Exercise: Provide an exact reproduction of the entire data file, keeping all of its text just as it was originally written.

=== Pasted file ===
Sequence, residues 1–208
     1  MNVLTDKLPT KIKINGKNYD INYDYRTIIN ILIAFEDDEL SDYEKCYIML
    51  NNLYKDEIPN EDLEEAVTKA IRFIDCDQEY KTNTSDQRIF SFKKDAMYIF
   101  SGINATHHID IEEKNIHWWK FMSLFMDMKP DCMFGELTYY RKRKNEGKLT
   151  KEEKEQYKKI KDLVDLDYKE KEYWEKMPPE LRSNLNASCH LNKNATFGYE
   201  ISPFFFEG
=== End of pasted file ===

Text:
Sequence, residues 1–208
     1  MNVLTDKLPT KIKINGKNYD INYDYRTIIN ILIAFEDDEL SDYEKCYIML
    51  NNLYKDEIPN EDLEEAVTKA IRFIDCDQEY KTNTSDQRIF SFKKDAMYIF
   101  SGINATHHID IEEKNIHWWK FMSLFMDMKP DCMFGELTYY RKRKNEGKLT
   151  KEEKEQYKKI KDLVDLDYKE KEYWEKMPPE LRSNLNASCH LNKNATFGYE
   201  ISPFFFEG